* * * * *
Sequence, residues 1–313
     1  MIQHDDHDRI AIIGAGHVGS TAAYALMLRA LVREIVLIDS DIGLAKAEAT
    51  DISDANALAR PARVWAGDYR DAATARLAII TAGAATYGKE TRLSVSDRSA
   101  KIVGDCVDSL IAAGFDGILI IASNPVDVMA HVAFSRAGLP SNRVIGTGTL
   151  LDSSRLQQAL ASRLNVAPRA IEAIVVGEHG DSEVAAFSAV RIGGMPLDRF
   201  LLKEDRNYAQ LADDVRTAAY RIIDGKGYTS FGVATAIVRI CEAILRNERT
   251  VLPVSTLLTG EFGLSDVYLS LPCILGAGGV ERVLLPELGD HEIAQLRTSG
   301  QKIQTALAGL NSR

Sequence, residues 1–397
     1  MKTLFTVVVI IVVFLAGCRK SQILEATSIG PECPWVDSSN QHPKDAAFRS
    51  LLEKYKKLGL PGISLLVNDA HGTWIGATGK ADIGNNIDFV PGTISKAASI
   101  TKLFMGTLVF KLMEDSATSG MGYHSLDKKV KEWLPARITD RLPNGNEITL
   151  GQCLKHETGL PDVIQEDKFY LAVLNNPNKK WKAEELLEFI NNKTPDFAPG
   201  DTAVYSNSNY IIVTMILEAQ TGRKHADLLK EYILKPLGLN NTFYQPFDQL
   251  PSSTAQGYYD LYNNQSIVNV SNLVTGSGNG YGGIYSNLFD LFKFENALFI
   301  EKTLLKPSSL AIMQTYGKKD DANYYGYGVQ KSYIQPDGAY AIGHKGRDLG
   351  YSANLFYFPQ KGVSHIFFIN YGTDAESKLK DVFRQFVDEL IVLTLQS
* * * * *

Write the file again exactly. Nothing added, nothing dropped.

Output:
Sequence, residues 1–313
     1  MIQHDDHDRI AIIGAGHVGS TAAYALMLRA LVREIVLIDS DIGLAKAEAT
    51  DISDANALAR PARVWAGDYR DAATARLAII TAGAATYGKE TRLSVSDRSA
   101  KIVGDCVDSL IAAGFDGILI IASNPVDVMA HVAFSRAGLP SNRVIGTGTL
   151  LDSSRLQQAL ASRLNVAPRA IEAIVVGEHG DSEVAAFSAV RIGGMPLDRF
   201  LLKEDRNYAQ LADDVRTAAY RIIDGKGYTS FGVATAIVRI CEAILRNERT
   251  VLPVSTLLTG EFGLSDVYLS LPCILGAGGV ERVLLPELGD HEIAQLRTSG
   301  QKIQTALAGL NSR

Sequence, residues 1–397
     1  MKTLFTVVVI IVVFLAGCRK SQILEATSIG PECPWVDSSN QHPKDAAFRS
    51  LLEKYKKLGL PGISLLVNDA HGTWIGATGK ADIGNNIDFV PGTISKAASI
   101  TKLFMGTLVF KLMEDSATSG MGYHSLDKKV KEWLPARITD RLPNGNEITL
   151  GQCLKHETGL PDVIQEDKFY LAVLNNPNKK WKAEELLEFI NNKTPDFAPG
   201  DTAVYSNSNY IIVTMILEAQ TGRKHADLLK EYILKPLGLN NTFYQPFDQL
   251  PSSTAQGYYD LYNNQSIVNV SNLVTGSGNG YGGIYSNLFD LFKFENALFI
   301  EKTLLKPSSL AIMQTYGKKD DANYYGYGVQ KSYIQPDGAY AIGHKGRDLG
   351  YSANLFYFPQ KGVSHIFFIN YGTDAESKLK DVFRQFVDEL IVLTLQS